Fixated on external factors, he argues we fail to see the greatest risk to our organizations is actually us. “Threats – people or things that could potentially do us harm – are omnipresent. But it is our ability to prevent, avoid or mitigate a threat that determines to what extent it constitutes a risk,” he argues.

The risk is not climate change, but how you respond to it. You need to build a strong risk immune system, as he dubs it.

And be alert to what policy commentator Michele Wucker calls “grey rhinos.” Nassim Taleb popularized the notion of unexpected and unpredictable “black swans,” but Ms. Wucker has offered an alternative. Grey rhinos are not random surprises, but occur after a series of warnings and visible evidence. They are often highly probable but neglected threats that have a high impact. Some grey rhino scenarios should be considered in your strategic planning.

One grey rhino not to miss is artificial intelligence. It’s a danger area because most board members are not technology experts and this is an area that is particularly murky – and, because of that, can spin out of control. It’s easy to gleefully go along, excited at being on the cusp of a magnificent, revolutionary approach. But that is exactly when the unexpected arises and you find yourself, say, unintentionally discriminating, harming people, violating regulations or breaking a law.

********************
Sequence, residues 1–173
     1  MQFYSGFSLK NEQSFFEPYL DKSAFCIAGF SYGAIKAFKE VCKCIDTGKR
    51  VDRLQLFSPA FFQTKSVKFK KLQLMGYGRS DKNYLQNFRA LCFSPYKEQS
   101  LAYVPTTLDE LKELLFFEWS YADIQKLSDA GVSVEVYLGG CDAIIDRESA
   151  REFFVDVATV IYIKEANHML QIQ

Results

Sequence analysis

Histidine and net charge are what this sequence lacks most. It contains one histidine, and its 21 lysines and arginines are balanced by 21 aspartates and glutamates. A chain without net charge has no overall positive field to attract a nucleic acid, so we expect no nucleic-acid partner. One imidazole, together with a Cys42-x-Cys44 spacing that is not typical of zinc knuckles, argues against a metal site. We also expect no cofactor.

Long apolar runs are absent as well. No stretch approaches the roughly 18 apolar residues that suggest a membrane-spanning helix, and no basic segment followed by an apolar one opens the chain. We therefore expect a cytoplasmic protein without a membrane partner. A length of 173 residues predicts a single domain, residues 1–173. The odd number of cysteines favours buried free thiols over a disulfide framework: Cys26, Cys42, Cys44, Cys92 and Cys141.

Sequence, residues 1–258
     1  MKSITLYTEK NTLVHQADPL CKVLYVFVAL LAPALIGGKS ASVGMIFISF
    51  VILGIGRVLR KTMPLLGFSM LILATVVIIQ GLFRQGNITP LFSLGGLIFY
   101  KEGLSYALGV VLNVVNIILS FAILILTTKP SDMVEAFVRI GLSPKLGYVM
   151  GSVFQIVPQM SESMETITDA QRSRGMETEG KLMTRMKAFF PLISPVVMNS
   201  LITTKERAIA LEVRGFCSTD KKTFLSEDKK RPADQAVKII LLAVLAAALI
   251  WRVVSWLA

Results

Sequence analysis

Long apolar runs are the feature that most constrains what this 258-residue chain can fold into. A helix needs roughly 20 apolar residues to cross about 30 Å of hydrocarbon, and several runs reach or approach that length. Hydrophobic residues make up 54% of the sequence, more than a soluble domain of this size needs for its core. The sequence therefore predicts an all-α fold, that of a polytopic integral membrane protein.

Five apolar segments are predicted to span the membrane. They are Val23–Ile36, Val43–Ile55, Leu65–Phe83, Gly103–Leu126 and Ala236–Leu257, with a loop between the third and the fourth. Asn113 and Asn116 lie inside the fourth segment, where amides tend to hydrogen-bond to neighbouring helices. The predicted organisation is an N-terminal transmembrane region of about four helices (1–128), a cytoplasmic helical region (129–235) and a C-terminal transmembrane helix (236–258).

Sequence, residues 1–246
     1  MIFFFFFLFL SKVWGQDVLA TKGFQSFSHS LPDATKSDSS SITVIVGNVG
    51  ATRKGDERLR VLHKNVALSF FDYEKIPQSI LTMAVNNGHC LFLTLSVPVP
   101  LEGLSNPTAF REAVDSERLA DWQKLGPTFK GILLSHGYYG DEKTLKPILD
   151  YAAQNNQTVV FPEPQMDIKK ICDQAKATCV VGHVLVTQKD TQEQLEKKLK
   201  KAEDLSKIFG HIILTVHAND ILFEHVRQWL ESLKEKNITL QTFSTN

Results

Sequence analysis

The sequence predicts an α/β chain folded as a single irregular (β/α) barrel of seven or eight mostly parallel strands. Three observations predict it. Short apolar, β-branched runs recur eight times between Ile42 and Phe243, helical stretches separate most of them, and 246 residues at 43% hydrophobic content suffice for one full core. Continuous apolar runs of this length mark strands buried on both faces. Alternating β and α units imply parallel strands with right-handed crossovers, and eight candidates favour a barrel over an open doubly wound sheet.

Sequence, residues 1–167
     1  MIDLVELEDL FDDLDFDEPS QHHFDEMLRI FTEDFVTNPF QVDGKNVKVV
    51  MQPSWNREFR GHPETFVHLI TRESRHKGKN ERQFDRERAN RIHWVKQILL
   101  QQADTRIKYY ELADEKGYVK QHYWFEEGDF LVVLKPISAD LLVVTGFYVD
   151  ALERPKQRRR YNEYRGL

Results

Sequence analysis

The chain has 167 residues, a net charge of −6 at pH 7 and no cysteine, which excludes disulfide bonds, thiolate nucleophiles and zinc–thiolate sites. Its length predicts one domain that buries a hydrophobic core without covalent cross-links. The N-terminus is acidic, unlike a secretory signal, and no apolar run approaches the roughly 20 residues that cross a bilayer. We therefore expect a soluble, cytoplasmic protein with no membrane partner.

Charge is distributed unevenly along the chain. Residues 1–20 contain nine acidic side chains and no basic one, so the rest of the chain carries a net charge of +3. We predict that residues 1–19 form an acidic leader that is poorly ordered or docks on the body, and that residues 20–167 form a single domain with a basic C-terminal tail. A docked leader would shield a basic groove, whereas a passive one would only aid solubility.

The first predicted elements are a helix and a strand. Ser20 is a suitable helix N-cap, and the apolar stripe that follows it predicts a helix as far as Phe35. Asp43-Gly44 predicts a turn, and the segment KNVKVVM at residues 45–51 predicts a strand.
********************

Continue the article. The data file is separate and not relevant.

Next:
Governance adviser Mark Pfister advises boards not to erroneously delegate the full artificial intelligence decision-making to the technology unit in your organization. It belongs with senior management and the board. Board members have to ask questions and not approve anything that defies a layperson’s smell test. “If a suggested direction or output seems off or illogical, it likely is,” he writes on LinkedIn, adding, “Don’t assume anything.”

Above all, boards must own sustainability in their organization, as Matthew Lynch, associate director of the Ivey Centre for Building Sustainable Value, and Thomas Watson, editor of the Ivey Business Journal, write in that publication.

Major institutional investors and asset managers have realized sustainability is fundamental to the long-term value of the assets they own. “Believe it or not, even some players in the hedge fund crowd are pushing companies to take sustainability seriously,” they note.

A sustainability standards board has been proposed to facilitate global standards. The potential impact of truly comparable data for markets should not be underestimated, especially when the largest market players might make strategic choices based on this information. “In essence, firms will be competing on their sustainability performance,” they warn. That will require a major change in thinking – and attention – for most boards.


  • “Do you have any questions?” is a standard catchphrase of leaders. Replace it with, “What questions do you have?” to bring out more viewpoints, recommends consultant Diana Peterson-More.
  • Promote excellence, not perfection, insists leadership consultant Charlene Li. One key way is to recognize when your team is done and give them permission to stop working toward an unattainable standard.
  • To support working parents, acknowledge any biases or preconceived notions you have about working from home, remote work or hybrid work and eliminate them, says HR consultant Sharlyn Lauby.

Harvey Schachter is a Kingston-based writer specializing in management issues. He, along with Sheelagh Whittaker, former CEO of both EDS Canada and Cancom, are the authors of When Harvey Didn’t Meet Sheelagh: Emails on Leadership.